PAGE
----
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The Workshops > ... > Gateau Breton > Gateau Breton Buckwheat

Breton Buckwheat/Almond Cake

adapted from recipe by David Lebovitz.

We are currently working to perfect this recipe.

  • Reminds me of pound cake in weight and texture.
  • Retains a definite buckwheat flavor - mild, nutty, whole grain type flavor, but not overpowering like the recipe below with 100% buckwheat flour.
  • Cake texture is great, nice height and does not seem at all too heavy.

Cake batter was thick but flowed enough to pour into mold. I was able to draw lines in the cake with a fork. As cake cooked, batter fluidity almost erased lines on top. Although texture/flavor was excellent, this cake batter is usually a bit stiffer, probably, the 2 T lemon/orange juice is enough to make the difference.

  • Reduce buckwheat/increase almond flour
  • Reduce buckwheat/add coconut flour
  • Experiment with egg/egg yolk ratio

We noted weight of buckwheat flour did not match usual 120g/cup that is used in most published data sources, including the nutritional label on our Cuisine Soleil bag. The weight matched exactly the weight given in the original recipe. I will be tracking more closely actual weights/published weights of gluten free flours. Sifting the buckwheat flour did not change weight/cup, but it did remove some of the bran which I think is a good thing for a cake.


Ratio: Between cookie dough (3:2:1:1) and Cake (1:1:1:1)

flour fat sugar total liquid egg
2 1.8 1.5 1.2 1
260g 240g 200g 160g 130g

  • total Liquid (eggs + liquid ingredients) = 150g
    • * 4 yolks + 1 whole egg
  • ratio starch to heavier flours: 30g starch/ 276g protein flours
  • Flours, Buckwheat, almond, sorghum, tapioca
  • Leavening: baking powder, xanthan gum

One 9" flat cake: 14 to 16 servings

 7/8 cup (140g) buckwheat flour
 1/2 cup  ( 60g ) almond flour 
 1/4 cup ( 30g ) sorghum flour 
 1/4 cup ( 30g ) tapioca flour 
 1 tsp baking powder 
 1/2 tsp xanthan gum
 1/2 teaspoon   sea salt
 1/2 pound (240g) unsalted butter, at room temperature
 1 cup (200g) sugar
 4 large egg yolks (Total egg+egg white = 130g)  
 1 large egg  
 3/4 teaspoon vanilla extract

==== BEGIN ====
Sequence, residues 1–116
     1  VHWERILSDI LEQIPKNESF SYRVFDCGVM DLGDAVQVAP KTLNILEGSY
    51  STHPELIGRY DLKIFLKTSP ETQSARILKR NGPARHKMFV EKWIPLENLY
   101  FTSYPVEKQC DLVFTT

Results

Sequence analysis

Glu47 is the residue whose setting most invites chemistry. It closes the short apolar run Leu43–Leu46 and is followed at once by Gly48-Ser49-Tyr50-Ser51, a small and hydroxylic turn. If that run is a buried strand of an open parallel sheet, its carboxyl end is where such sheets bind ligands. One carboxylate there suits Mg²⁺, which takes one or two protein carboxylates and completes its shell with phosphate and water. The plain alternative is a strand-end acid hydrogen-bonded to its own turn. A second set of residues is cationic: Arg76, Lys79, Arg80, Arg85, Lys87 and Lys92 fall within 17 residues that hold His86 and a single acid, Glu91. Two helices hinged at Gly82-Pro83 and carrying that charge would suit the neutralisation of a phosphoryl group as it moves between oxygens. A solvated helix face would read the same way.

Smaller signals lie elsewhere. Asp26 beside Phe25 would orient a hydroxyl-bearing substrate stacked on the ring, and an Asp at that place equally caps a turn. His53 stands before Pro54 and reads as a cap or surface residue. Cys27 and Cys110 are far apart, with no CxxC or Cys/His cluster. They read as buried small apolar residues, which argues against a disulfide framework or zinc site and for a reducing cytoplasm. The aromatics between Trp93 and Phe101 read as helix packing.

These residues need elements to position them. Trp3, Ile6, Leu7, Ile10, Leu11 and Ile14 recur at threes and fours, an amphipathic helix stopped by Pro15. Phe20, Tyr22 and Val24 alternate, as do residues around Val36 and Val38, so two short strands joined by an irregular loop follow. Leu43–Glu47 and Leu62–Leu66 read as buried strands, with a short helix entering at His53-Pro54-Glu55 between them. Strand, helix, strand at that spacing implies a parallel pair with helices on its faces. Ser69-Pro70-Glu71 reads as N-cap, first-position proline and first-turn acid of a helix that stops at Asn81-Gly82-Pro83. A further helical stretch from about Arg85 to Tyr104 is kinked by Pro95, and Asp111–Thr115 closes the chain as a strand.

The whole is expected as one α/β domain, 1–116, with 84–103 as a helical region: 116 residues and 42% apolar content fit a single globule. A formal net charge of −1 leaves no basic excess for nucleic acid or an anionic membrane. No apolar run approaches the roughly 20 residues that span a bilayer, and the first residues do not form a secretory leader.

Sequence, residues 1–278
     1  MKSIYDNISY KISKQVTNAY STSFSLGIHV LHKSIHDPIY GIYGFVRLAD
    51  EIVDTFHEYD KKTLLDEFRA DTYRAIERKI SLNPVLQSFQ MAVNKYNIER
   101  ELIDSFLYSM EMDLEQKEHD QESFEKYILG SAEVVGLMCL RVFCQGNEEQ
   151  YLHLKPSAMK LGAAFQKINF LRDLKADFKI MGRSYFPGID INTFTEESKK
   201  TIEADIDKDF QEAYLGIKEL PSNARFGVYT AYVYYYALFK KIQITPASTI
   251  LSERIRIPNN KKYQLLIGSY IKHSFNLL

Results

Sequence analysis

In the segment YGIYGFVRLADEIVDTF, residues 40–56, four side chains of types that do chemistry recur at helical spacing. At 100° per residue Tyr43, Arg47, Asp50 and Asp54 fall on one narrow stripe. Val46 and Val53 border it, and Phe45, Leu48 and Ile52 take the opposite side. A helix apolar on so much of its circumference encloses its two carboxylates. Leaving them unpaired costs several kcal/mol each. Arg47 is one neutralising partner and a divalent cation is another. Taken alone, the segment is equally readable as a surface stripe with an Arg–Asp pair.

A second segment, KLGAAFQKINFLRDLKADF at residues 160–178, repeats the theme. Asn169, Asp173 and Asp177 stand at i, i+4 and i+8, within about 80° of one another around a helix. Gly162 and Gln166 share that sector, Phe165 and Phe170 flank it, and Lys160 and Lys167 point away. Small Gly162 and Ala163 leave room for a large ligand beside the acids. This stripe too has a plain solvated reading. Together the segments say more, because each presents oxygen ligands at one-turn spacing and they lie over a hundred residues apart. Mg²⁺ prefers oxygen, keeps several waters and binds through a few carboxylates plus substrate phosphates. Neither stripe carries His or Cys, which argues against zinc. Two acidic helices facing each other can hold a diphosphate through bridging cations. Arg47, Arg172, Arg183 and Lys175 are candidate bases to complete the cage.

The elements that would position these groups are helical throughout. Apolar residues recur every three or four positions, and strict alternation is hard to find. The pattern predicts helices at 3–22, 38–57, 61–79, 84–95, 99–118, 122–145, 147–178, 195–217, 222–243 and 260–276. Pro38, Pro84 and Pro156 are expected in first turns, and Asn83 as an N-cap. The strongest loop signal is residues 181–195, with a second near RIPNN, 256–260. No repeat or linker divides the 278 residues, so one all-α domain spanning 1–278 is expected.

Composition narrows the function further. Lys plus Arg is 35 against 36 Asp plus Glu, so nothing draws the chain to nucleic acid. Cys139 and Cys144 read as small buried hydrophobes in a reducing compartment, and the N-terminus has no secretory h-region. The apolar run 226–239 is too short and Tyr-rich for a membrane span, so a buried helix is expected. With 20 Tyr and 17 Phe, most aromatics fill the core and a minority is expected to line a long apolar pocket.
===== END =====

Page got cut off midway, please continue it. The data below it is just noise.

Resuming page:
2  tablespoons (30 g) Lemon or Orange Juice
  zest from one lemon or orange.

For the glaze

 1 large egg yolk
 1 teaspoon milk

  1. Butter a 9-inch/23 cm springform cake pan). Preheat the oven to 350F degrees (180C).
  2. In a small bowl, whisk together the flours, buckwheat, almond, sorghum, tapioca with 1/2 teaspoon salt, baking powder and xanthan gum.
  3. In the bowl of a standing mixer or by hand, beat the butter until light and fluffy. Add the sugar and continue to beat until smooth.
  4. In a separate bowl, beat the 4 egg yolks and whole egg with the vanilla and lemon or orange juice with a fork, then gradually dribble the egg mixture into the batter while beating. Beat so the butter gets really airy - Kitchenaid mixer speed setting 6 using flat beater with flex edge.
  5. Mix in the dry ingredients just until incorporated. Scrape the batter into the prepared pan and smooth the top as flat as possible with an offset metal or plastic spatula.
  6. Make a glaze by stirring the single yolk and milk together with a fork, then brush it generously all over the top. (You may not use it all, but use most of it.) Take a fork and rake it across the top in three parallel lines, evenly space; then repeat starting from a slightly different angle to make a criss-cross pattern.
  7. Bake for 20 minutes at 350F, then reduce heat to 325F for remaining 38 minutes. Used electronic meat thermometer to determine when done: as it just hit 210F.
  8. Let cool completely before unmolding.

Storage: Well wrapped in plastic, gateau Breton will keep for up to four days at room temperature. It can also be frozen, wrapped in plastic with a layer of foil around it, for up to two months.

Traditional Gateau Breton (Buckwheat Butter Cake)

European Cuisines

Gateau Breton, May 29, 2012